The very next day would mark the beginning of an era - The first full Digimon anime series began, Digimon Adventure. Digimon Adventure, despite being seen as the "first" to many, changes things qutie a bit, introducing a bright, vibrant world and art style- A style not seen in Digimon before, with all of the human characters, the Chosen Children, having their own partner Digimon that would generally stay in it's Child form, only to temporary Evolve into a higher level when needed for battle. Despite the lead up to "Digimon Adventure" in this article, there isn't a lot to say about this many don't already know that I haven't already said in this article. It's very different from "C'mon Digimon", the first entry in the series. Despite sharing some similarities, there are glaring differences between it and "Digimon Adventure V-Tamer 01" and is even different in tone, atmosphere and art style to it's direct prequel, "Digimon Adventure (Movie)". As you can see, up to this point, Digimon has already gone through a number of changes.

From here onwards, Digimon would continue to change - The Wonderswan games that follow the journey's of Ryo that bridge the gap between "Digimon Adventure" and it's sequel anime, "Digimon Adventure 02" play as Tactical RPG's and the World series games introduced after this are completely different styles of games. "Digimon Adventure 02" itself changed up the format, introducing an entirely new cast, along with a new style of Evolution, "Armor Evolution". However, as a direct sequel to the anime, it remains mostly the same. Digimon wouldn't have another big change until...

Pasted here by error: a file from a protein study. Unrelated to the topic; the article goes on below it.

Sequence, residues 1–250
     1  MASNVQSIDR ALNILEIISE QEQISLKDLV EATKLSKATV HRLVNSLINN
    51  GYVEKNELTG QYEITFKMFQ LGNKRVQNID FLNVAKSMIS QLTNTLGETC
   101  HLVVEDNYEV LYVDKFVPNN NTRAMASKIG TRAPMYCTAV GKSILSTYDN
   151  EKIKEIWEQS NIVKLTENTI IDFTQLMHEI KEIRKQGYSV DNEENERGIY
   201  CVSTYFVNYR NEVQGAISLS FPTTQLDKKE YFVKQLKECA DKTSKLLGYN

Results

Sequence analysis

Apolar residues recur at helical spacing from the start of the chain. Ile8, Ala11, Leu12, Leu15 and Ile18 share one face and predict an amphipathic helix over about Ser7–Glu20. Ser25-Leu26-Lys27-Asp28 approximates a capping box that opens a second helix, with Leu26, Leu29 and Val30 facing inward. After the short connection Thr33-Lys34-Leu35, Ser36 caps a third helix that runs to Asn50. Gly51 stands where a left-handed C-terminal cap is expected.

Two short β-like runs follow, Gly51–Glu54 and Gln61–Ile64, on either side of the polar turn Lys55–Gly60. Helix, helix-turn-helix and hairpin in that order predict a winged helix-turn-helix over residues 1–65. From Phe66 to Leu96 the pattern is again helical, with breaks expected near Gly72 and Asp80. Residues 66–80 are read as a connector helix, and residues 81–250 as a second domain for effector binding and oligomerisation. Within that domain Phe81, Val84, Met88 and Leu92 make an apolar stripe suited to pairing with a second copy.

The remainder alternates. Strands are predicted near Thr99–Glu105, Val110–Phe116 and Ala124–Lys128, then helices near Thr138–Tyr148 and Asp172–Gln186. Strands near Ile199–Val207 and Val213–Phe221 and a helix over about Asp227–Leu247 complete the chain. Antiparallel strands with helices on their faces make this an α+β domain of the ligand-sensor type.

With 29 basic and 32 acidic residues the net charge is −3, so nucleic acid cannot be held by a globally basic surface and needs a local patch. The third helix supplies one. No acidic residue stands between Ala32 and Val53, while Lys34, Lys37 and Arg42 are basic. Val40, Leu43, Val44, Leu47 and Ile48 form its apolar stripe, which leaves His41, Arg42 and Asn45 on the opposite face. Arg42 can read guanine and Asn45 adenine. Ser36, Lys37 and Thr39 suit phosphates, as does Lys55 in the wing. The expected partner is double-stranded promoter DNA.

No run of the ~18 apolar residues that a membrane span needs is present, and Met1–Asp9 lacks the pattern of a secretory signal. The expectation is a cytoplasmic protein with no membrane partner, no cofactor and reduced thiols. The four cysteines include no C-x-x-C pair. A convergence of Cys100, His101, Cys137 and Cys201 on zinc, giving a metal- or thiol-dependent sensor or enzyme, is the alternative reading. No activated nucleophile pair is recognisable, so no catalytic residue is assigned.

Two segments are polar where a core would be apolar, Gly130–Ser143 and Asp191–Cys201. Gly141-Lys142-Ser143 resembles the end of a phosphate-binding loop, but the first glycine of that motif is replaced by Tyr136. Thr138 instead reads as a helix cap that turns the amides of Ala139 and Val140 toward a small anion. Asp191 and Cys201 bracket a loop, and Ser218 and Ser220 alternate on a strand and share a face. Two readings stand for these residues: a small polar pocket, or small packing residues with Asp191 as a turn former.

April 1st, 2001, bought with it the third entry in the Digimon anime series, "Digimon Tamers". Only three series in and things began to drastically change; while Adventure and Adventure 02 were quite similar, Tamers is an entirely new beast. Tamers was and still is considered by some to be something of a "reboot". It takes place in an entirely different world to the first, featuring an entirely new cast (Aside from one, "special" case). In this series the Digimon Card game, Hyper Colosseum, exists and those who have a Digimon partner are known as a "Tamer" rather then a "Chosen Child". It's also the first entry to show a Human becoming a Digimon themselves, using "Matrix Evolution", causing the Tamer to Evolve together with their Digimon, along with featuring the use of using the Hyper Colosseum cards to "Card Slash" and augment their Digimon's strength. Tamers is often known as a more "mature" take on Digimon, as it covers themes that were unheard of previously. It is set in a rather sullen world, atmospherically for the Human World and visibly so for it's very barren, dying Digital World. It also shows a very different origin story to both the Digimon and Digital World itself.